Lawn grasses such as fescue and bluegrass require more mowing and watering than native landscapes.  Here are some facts about lawns and their impact on the environment:

  • There are some 80 million home lawns across the country
  • 30-60 percent of urban fresh water is used for watering lawns
  • The typical American lawn uses 10,000 gallons of supplemental water (non-rainwater) annually
  • Nearly 70 million pounds of pesticides are used on U.S. lawns each year
  • Approximately $25 billion is spent on lawn care each year in the U.S.

If you are tired of the traditional front yard and wish to reduce your lawn, a simple landscape design focused on native plants can make a real difference.  With their deep roots, native plants can adapt to the regional climate and ecological conditions, while also addiing diversity, reducing maintenance and attracting a host of wildlife and pollinators.  Use these simple steps as a guide to develop a native front yard.

Step 1: Plan your design, start small

I prefer to lay out a garden hose to get the curves and flow that I want.  It is a great way to “fiddle” with the design before tearing anything up.  Start small by removing a section of lawn that you can manage.  You can convert other areas over the next few years.

Step 2: Investigate plant types

Think about the type of plants that will grow in your area.  I group shrubs, perennials and grasses to add impact in the landscape.  Strategically locating small trees such as redbuds and disease resistant crabapples will give height and take up space in the design. Are there some evergreen trees and shrubs that will give some splashes of green especially in winter?

Investigate the types of plants you wish to include in your yard.  Plan your garden for a succession of bloom to guarantee there are always a few plants flowering throughout the year. These native plants provide nectar and pollen for beneficial insects.  A few plants such as milkweed can provide food for larvae and fruits and seeds will feed the birds.  A monoculture of lawn can be transformed into a landscape alive with diversity and activity.

Buffalo grass, blue grama grass and mixed prairie plantings

Step 3: Find your plants

Find the plants you need for your design by checking with local nurseries, or you can use our Native Plant Guide 2019.  Steal ideas from nature or visit the Arboretum to gather ideas of combinations and groupings that grow well together.  Then purchase the plants you want at our sale in April or September and get them in the ground.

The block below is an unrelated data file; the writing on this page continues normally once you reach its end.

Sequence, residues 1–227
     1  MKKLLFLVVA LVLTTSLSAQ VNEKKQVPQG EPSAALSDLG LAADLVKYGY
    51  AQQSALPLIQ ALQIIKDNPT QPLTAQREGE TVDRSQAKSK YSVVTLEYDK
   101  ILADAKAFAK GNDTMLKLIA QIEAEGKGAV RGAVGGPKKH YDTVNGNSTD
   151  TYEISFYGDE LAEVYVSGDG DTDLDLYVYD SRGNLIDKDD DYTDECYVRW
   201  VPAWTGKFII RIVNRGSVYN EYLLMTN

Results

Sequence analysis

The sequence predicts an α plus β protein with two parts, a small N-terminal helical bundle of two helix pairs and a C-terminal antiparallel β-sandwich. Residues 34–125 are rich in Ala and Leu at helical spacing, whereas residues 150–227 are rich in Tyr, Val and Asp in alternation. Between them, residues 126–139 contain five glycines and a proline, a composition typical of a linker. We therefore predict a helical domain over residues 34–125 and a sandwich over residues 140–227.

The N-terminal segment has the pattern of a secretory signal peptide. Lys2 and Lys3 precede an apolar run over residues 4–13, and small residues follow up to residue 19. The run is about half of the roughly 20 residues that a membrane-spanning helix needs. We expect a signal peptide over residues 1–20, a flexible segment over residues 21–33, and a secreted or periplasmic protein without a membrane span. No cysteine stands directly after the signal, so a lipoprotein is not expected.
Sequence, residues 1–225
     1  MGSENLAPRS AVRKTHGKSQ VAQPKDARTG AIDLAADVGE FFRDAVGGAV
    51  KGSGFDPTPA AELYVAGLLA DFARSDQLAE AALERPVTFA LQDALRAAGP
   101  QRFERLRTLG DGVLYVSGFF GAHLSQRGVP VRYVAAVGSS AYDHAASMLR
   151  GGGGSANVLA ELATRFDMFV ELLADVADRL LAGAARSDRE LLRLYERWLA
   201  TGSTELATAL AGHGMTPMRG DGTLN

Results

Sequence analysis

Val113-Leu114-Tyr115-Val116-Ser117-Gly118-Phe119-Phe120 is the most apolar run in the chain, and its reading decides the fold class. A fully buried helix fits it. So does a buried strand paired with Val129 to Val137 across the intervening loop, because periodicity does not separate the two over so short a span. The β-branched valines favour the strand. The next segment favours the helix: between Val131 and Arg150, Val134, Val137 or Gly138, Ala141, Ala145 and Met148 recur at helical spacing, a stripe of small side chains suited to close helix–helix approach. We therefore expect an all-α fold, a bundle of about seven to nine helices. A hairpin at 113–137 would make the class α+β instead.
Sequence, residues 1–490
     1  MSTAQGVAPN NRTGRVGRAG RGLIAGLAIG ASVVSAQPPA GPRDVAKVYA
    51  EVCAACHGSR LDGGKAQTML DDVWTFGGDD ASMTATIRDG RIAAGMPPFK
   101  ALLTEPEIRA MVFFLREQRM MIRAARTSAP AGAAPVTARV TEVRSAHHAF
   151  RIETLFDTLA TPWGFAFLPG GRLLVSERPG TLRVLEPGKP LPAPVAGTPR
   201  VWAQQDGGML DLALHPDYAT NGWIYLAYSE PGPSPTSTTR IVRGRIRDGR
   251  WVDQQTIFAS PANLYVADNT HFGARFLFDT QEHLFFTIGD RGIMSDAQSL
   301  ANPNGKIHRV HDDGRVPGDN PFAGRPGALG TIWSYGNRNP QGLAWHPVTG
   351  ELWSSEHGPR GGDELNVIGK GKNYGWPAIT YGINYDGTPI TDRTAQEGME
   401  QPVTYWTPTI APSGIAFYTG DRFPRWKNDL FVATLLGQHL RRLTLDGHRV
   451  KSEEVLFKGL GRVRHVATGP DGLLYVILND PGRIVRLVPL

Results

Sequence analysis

Earth Partnership for Schools Prairie Planting along walkway to school

It will be great to see your front yard transformed into an oasis for pollinators and birds.  You will be able to look out your front window at a diverse and functional landscape that has a positive impact on the environment.  It will be a landscape that fuels pollinators and supports all sorts of birds and other wildlife.  It will be a landscape that is part of the solution rather than part of the problem.

I believe lawns will always have a place in our landscapes, but maybe just a smaller place than in the past.*  It is not a bad thing to replace some of our lawn areas with beautiful and attractive trees, shrubs and other perennials.  Just think about the possibilities.

*If you like a larger expanse of lawn, but wish to consider drought-tolerant alternatives, consider buffalograss as an option.

Trusted Plants for Kansas Landscapes

It has been an interesting year weather-wise, to say the least.  We have seen monsoon flooding and sweltering heat.  I would like to say that this is another typical year in Kansas, but I don’t know what typical is anymore.  So with all the highs and lows, wet and dry, what will grow here?  How can you choose trusted plants with confidence, knowing that they are right for your site?

Plants are the best teachers

The simple answer is to look to nature to show you the way.  Plants are the best teachers.  So go ahead and choose plants that you believe will grow without much input on your part.  After a year or two you will have a pretty good idea which plants grow best.  You will need to plant more of the plants that are thriving and find a new space for those that are struggling.  Every good gardener has had their share of plant failures, but they keep finding new plants that work.  Don’t get discouraged, this is all part of the process of growing plants in a harsh environment. 

A display of Black-eyed Susan, Russian sage, and blue star.

Every Landscape is Unique    

The other thing to keep in mind is that every landscape is different.  What works for your neighbor may or may not work for you.  The plants they use may not be your cup of tea.  Choose plants you like and appreciate to make your landscape uniquely yours.  It doesn’t have to be perfect, but it does need to bring you joy, fulfillment and increase your confidence to try new things. 

Start Small